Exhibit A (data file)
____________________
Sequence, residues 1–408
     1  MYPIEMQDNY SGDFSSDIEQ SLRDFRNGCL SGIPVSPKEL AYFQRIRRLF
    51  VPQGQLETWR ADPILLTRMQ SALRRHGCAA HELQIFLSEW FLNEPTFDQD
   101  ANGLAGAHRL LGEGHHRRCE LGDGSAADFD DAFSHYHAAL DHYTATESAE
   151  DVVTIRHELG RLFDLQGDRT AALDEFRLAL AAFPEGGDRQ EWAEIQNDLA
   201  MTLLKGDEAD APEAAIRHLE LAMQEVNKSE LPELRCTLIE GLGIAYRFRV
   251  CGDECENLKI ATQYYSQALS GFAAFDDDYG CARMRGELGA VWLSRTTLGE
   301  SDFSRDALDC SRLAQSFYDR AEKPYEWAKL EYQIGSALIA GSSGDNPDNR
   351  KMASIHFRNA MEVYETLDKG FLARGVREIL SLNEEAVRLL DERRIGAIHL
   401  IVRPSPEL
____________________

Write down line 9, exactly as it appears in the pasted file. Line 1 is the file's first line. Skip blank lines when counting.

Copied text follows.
   351  KMASIHFRNA MEVYETLDKG FLARGVREIL SLNEEAVRLL DERRIGAIHL